The St. Louis-based retailer beat out Federated Department Stores by paying Target Corp. $3.24 billion in cash for the 62-store Field’s chain, plus nine Mervyn’s stores in the Twin Cities area of Minneapolis and St. Paul, three distribution centers and $600 million in credit card receivables. A definitive agreement was announced late Wednesday afternoon after the stock market closed.
Management at Target said it was buying back $3 billion of its common stock and that the program, which replaces its existing one, will take about three years to complete. Regarding Mervyn’s, Target said the review of strategic alternatives is “continuing in line with its expected timetable, and additional information regarding this review is expected to be available within 60 to 90 days.”
The Field’s buy is the kind of bold move May Co. needed to recapture its momentum, but it comes at a steep price, almost $700 million above the $2.58 billion in volume Field’s recorded in 2003. Field’s had pre-tax profits of $107 million last year.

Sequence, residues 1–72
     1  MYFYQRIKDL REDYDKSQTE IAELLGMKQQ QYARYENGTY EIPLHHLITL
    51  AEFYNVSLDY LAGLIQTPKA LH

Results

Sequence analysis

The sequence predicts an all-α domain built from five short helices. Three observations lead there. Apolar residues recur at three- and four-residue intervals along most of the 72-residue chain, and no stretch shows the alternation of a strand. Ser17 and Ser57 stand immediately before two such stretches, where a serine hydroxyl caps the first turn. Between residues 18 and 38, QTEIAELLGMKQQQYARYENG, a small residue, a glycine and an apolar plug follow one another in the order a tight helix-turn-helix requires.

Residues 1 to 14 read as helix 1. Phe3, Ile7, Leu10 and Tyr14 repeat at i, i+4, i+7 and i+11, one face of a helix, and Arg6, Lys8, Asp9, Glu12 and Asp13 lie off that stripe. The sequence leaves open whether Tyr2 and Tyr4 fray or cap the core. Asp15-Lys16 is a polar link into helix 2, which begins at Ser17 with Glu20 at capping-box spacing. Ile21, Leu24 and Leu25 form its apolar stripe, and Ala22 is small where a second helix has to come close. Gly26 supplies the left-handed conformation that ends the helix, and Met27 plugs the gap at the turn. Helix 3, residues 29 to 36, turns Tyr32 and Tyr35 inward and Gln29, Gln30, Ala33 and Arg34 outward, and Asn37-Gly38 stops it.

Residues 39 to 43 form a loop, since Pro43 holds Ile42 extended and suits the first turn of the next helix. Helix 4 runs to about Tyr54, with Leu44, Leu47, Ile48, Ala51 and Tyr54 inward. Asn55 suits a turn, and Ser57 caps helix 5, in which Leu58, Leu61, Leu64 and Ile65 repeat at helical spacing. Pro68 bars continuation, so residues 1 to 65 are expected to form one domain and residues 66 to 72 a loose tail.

Gene Kahn, chairman and chief executive of May Co., defended the cost of the deal, stating, “We did a lot of due diligence. It is an aggressive price, but this will reward May. We paid the right price. This is really a strategic combination that will add significant value for May shareholders. This truly makes us a more complete company. It gives us better scale and a tremendous laboratory for learning about better and more upscale merchandise. We are moving the total corporation in that direction.”
May has a conference call with analysts today, Kahn noted. “We have a great story to tell. This is an important acquisition that the Street will view favorably.”
Marshall Field’s takes May into better-priced markets, including designer, an area where it has had only limited exposure in the past. Field’s towering State Street flagship in Chicago remains one of the world’s premier department stores. Target invigorated the store last year with floor renovations, leased shops with limited distribution, unconventional adjacencies and an eclectic assortment with everything from Australian homemade ice cream to Thomas Pink shirts from England, across the 812,000 square feet of selling space. The State Street flagship is the second-largest store in America next to Macy’s Herald Square.